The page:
A growing fast-casual, Mediterranean restaurant chain that started in New York City will open a location in Pimmit Hills next year.
Taïm Mediterranean Kitchen will bring its lauded falafels to Virginia for the first time with a 1,849-square-foot restaurant in the Tysons Station shopping center at 7502 Leesburg Pike. The company anticipates opening the new location this coming spring, possibly April.
“People are craving better, more flavorful meal options and we knew this busy area serving residential and office communities would be a perfect fit,” Untamed Brands founder Phil Petrilli said. “…Whether guests are heading out for a quick lunch or looking for a family-friendly dinner option, taïm is versatile and unique.”
A former Chipotle regional manager, Petrilli created Untamed Brands with fellow veterans of the fast-casual scene to support restaurants seeking to grow long term. The company partnered with Taïm in 2018 as the eatery embarked on an expansion.
Run by chef Einat Anthony and her husband, Taïm launched as a modest, all-vegetarian storefront focused on Israeli street food in New York City’s West Village in 2005. It gained a following for its falafel, adding more locations and a food truck in the Big Apple, and was named the eighth best restaurant in the West Village by GrubHub in 2018.
With a New Jersey restaurant that opened in June, Taïm now has a total of eight locations and is planning to double that this year with added sites in New York, New Jersey and Maryland, according to QSR Magazine.
The Pimmit Hills Taïm will be adjacent to China King in a newly subdivided space that once housed Pet Supplies Plus. Two other suites created out of the former pet supply store — one with 1,518 square feet of gross floor area and one that’s 2,130 square feet — are still available, according to property manager Federal Realty’s site plan.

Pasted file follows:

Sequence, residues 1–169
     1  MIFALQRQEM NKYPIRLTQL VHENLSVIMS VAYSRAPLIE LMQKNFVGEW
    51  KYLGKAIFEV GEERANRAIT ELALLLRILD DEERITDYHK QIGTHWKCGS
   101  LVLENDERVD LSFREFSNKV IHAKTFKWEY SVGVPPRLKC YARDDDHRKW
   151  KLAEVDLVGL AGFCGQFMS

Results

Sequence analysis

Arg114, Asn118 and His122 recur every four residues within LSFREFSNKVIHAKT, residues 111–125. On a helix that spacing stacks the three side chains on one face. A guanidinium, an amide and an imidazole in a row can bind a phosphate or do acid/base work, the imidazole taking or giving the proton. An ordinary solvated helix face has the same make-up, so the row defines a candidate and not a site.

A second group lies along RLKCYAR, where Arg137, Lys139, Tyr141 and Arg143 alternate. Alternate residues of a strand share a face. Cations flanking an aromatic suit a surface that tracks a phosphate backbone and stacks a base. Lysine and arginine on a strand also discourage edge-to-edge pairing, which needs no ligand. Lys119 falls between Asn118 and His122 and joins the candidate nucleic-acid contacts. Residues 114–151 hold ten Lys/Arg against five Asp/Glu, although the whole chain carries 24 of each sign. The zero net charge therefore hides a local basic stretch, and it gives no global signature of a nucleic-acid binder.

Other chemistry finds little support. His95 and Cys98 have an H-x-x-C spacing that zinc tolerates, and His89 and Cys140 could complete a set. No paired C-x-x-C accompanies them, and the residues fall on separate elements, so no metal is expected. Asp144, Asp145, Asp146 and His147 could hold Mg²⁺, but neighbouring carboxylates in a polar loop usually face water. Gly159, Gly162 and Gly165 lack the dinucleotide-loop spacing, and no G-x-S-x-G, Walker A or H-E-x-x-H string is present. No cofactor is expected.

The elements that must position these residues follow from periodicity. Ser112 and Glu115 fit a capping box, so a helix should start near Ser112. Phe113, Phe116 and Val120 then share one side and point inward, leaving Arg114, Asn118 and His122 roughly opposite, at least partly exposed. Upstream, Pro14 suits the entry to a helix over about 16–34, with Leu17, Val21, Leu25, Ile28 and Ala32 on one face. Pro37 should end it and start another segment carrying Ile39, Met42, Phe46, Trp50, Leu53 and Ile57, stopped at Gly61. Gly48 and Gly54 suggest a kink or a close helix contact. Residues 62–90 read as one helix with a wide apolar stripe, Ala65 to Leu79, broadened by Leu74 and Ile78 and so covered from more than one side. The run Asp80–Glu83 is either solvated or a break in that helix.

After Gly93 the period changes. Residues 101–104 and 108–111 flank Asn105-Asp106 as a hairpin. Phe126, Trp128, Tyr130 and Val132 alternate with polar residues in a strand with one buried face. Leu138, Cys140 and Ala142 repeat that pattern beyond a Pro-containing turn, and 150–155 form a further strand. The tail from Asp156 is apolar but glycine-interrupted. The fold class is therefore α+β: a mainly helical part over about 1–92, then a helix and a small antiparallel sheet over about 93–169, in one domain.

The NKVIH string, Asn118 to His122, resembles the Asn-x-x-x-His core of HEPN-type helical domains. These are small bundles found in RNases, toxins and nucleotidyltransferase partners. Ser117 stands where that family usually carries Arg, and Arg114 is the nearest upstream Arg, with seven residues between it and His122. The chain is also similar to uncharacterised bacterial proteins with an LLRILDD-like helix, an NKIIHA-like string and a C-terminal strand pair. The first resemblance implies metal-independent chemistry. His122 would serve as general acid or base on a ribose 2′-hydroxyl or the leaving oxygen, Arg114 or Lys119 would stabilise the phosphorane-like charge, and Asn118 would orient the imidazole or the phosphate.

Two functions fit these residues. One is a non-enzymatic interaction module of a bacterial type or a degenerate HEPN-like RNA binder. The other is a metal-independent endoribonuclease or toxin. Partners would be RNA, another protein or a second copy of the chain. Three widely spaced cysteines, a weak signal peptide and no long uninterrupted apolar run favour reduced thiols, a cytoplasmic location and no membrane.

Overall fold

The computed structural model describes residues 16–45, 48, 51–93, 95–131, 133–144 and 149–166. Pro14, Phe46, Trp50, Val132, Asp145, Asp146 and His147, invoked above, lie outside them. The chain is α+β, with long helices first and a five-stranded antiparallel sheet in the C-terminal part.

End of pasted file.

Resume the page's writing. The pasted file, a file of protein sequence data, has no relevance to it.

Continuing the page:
Petrilli says the menu of build-your-own pita and rice bowls will complement the existing tenants at Tysons Station, which is anchored by Trader Joe’s, and retailers like Whole Foods in Idylwood Plaza across the street.
Outdoor seating will be provided, according to Petrilli.
In addition to falafel, the menu includes chicken and cauliflower shawarma — a fan favorite, Petrilli says — as well as crispy eggplant, roasted meatballs, vegan kebabs, and a variety of sides, such as fries. Dishes come as rice bowls, pitas and salads.
“We introduce new menu items, seasonal dishes, and toppings or sauces around three times per year,” Petrilli said. “We just introduced sweet potato fries with whipped garlic. There are family meal options and menu items for kids.
According to Petrilli, all dishes are made from scratch with ingredients “sourced from the best growing regions in the world,” including 18 herbs and spices that are all imported and pita sourced from a baker.
“There are few options in America like taïm where craveability meets better for you with high quality, scratch-made menu items served quickly at an affordable price,” he said. “We offer the rare intersection of what people want and what’s good for them and the first bite always leaves customers raving about the quality.”
A planned street that will eventually connect Tysons East to Pimmit Hills could bring some major changes to Magarity Road, the border between the two neighborhoods.